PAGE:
Monday was a pretty ordinary December day in the English Premier League, with coaching changes and the rumor mill grinding like a buck-toothed kid with bruxism. The knock-on effect of the January player transfer window creates this de facto winter managerial window, when antsy chairmen swing the ax to give the new man a chance to make roster changes. We’re also halfway through the season, and in such a short-term business such as soccer, five months seems like a generous amount of time to draw conclusions.
It’s typically dubbed the “managerial merry-go-round,” but none of the carousels at fairgrounds I’ve been to have signs saying “no strangers” and “previous riders only.” Yet on Monday we had one-time Crystal Palace player Alan Pardew leaving Newcastle and moving to Selhurst Park, and former Palace manager Tony Pulis, along with ex-Tottenham boss Tim Sherwood, being linked with the vacancy at West Brom caused by Alan Irvine’s exit. Then serial club-swapper and boyhood Newcastle fan Steve Bruce was aligned with Pardew’s old gig.
The only truly strange element to all this was that Pardew (pending official confirmation) appears to have switched smoothly between clubs. Given his occasional temper, the always-febrile atmosphere in Newcastle and the bile thrown at him by some of the fanbase, it wouldn’t have seemed too far-fetched for Pardew’s last act at St. James’ Park to be a descent into Lord of the Flies-style madness. Perhaps a crazed dash down the touchline into the Gallowgate End and an attempt to strangle the black-and-white-striped hordes with their own “Pardew Out” banners, while braying “who’s the muppet now, eh? EH?”
Late in the day, this old-boy networking got a Taser-strength jolt when reports emerged confidently claiming Fabricio Coloccini was about to take over at Newcastle. It briefly seemed possible, as if it were the kind of cheap, crazy decision a rum-addled Mike Ashley might make from the distance of his vacation home in Barbados. Have enough coconut-based cocktails, and appointing the unqualified 32-year-old captain might just work!
Player-managers, after all, are still acceptable in England, where inspirational, heartfelt leadership from those who “have the respect of the dressing-room” is still valued above almost anything else. It wouldn’t fly in the U.S., which has minimized the inherent volatility of sports better than any other nation.
In the U.S., coaching is a serious occupation undertaken by specialists. It’s precisely codified and compartmentalized. Take the NFL’s middling Houston Texans, who have 19 first-team coaches; a typical EPL side might have six or seven. In America, cold-headed business principles rule the day, not the instinct that at base, “sports is a lottery; this guy seems lucky, let’s have him buy the ticket”.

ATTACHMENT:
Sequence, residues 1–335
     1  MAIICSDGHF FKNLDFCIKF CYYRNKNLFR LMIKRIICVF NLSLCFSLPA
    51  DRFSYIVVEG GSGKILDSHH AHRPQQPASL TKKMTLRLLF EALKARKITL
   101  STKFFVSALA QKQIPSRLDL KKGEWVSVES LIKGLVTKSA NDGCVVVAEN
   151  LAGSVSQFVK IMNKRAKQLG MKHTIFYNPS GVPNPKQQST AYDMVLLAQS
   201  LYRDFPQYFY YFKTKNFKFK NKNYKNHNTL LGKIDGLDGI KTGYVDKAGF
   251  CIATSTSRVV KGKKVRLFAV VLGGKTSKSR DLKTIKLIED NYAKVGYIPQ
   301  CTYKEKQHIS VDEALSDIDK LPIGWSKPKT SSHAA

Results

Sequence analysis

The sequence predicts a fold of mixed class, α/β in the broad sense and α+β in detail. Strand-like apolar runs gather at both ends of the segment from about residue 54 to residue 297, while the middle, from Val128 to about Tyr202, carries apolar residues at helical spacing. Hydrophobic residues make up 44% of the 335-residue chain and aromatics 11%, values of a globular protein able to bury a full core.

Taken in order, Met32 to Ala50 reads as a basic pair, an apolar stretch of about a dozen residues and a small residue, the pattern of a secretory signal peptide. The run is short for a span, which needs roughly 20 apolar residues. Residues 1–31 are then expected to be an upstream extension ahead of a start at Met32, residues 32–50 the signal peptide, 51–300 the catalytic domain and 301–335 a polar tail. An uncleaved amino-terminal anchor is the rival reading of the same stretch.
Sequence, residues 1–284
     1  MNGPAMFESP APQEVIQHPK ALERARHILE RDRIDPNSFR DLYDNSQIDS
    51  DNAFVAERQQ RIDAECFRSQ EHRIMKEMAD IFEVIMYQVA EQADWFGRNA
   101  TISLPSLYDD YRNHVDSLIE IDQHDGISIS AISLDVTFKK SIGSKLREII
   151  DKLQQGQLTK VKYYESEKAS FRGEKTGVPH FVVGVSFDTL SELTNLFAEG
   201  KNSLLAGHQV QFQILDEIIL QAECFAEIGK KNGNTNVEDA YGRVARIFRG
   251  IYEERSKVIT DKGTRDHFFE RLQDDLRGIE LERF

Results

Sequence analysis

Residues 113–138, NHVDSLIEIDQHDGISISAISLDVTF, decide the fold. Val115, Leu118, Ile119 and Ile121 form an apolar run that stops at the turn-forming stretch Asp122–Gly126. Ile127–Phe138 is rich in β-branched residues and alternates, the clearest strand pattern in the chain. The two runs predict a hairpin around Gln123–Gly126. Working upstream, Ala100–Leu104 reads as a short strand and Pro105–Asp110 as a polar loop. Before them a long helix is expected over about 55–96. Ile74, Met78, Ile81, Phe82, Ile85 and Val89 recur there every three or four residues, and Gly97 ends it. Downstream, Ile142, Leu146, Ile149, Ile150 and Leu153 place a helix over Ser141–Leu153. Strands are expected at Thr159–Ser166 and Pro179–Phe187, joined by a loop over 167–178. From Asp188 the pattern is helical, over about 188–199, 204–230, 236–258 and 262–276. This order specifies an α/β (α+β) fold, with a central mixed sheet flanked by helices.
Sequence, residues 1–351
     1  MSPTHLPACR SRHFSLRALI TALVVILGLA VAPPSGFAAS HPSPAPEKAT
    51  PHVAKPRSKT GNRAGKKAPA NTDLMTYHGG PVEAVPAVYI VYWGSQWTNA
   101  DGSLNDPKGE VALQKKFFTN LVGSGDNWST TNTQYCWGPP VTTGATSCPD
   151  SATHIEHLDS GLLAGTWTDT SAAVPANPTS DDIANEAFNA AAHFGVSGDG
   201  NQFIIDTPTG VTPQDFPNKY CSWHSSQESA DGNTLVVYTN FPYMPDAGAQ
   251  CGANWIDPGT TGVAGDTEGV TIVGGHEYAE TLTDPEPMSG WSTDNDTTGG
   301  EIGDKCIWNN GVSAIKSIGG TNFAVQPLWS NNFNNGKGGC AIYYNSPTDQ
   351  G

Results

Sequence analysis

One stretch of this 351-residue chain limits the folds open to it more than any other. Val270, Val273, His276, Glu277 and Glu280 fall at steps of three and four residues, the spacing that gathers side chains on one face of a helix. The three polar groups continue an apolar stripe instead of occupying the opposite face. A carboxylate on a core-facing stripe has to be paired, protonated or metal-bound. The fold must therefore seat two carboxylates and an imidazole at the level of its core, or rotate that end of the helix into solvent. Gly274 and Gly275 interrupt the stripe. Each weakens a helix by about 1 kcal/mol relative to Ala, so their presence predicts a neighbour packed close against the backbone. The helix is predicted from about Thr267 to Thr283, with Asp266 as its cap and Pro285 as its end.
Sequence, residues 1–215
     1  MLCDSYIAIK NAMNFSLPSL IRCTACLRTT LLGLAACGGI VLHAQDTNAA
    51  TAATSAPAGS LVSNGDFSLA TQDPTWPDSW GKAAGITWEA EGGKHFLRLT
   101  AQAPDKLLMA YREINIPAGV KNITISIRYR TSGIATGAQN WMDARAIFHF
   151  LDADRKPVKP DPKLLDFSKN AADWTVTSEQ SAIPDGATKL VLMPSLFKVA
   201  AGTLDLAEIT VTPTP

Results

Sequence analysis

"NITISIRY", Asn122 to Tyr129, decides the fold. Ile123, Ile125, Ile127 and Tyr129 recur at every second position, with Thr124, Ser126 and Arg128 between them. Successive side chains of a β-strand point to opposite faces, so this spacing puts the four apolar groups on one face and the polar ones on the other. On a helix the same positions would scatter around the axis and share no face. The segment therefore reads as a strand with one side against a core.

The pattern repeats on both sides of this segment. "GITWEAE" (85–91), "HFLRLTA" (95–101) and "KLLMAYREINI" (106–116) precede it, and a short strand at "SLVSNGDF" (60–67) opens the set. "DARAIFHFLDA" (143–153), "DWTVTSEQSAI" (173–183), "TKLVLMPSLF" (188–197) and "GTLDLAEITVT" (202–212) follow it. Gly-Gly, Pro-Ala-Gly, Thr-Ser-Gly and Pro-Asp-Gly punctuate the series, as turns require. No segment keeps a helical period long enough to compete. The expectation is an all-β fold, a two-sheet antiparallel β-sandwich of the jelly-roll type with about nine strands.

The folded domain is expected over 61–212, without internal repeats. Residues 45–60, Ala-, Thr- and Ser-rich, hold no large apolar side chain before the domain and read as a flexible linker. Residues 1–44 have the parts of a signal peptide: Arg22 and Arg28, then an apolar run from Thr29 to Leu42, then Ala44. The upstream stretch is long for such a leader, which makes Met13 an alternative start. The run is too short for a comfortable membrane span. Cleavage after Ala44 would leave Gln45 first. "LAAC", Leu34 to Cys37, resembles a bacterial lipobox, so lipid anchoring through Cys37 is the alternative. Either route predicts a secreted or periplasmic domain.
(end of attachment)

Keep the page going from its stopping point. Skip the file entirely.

But no; Coloccini won’t be calling substitutions from his position in defense as the key employee of a club he’d been desperate to leave a year ago. Instead, we see the same recycled names being linked with these jobs, which is partly down to media relationships: Out-of-work managers and their agents will express their interests to journalists they know, while the left-field foreign candidate hasn’t forged such links. But the same names do keep getting the jobs. It’s easy to think that Harry Redknapp could keep working for as long as he wants, traveling endlessly between every medium-sized club in southeast England.
Perhaps we shouldn’t criticize owners for making predictable choices when so many bold ones lately haven’t worked: Paolo Di Canio at Sunderland, Pepe Mel at West Brom, Ole Gunnar Solskjaer at Cardiff, for example. Still, clubs devote extensive time and resources to unearthing young players who are hidden gems, but comparable defined development and scouting strategies aren’t in place to find and groom future managers. Coach selection is about availability, reputation, contacts and making a good impression at the interview, and especially at this time of year, with millions of pounds on the line, it’s often rushed and panicked.
Chairmen of relegation-imperiled teams are like chronically ill patients in constant search of a miracle cure. There are 19 league fixtures left and West Brom are currently 16th in the standings, just four points from 12th – which, all in all, is about where a reasonable person would expect a club of West Brom’s means to be. Its net summer spend on players was only 13 million pounds. But it’s now searching for its fourth permanent head coach in 12 months.
Coaches follow a manager as he goes from club to club, rarely staying to take over from him on a full-time basis. Often they assume interim charge, then leave when a new man comes in and brings his own staff, taking their knowledge of the squad with them.
Brendan Rodgers looked to have a definite career trajectory: ascending the coaching ranks at Chelsea under José Mourinho’s mentorship, from the academy to the reserves. But there was never any suggestion he’d get the top job. When Mourinho left, owner Roman Abramovich appointed his friend, Avram Grant. Rodgers had to leave and prove himself as a manager in the lower leagues, starting with Watford. Then he had a brief and unhappy spell at Reading, and that might have been the end of him as a manager. He almost returned to an assistant’s role, at Manchester City, before Swansea came in for him. And despite Liverpool’s current season, that clearly would have been an underuse of his talents.
At four seasons, Pardew was the EPL’s second-longest serving manager. The list is headed by Arsène Wenger with his 18 years at Arsenal. That’s more than the next seven managers combined. Apart from West Ham’s Sam Allardyce and Leicester’s Nigel Pearson, everyone else has been in charge of their clubs for less than three years. The carousel never stops rotating, no matter how dizzy everyone gets.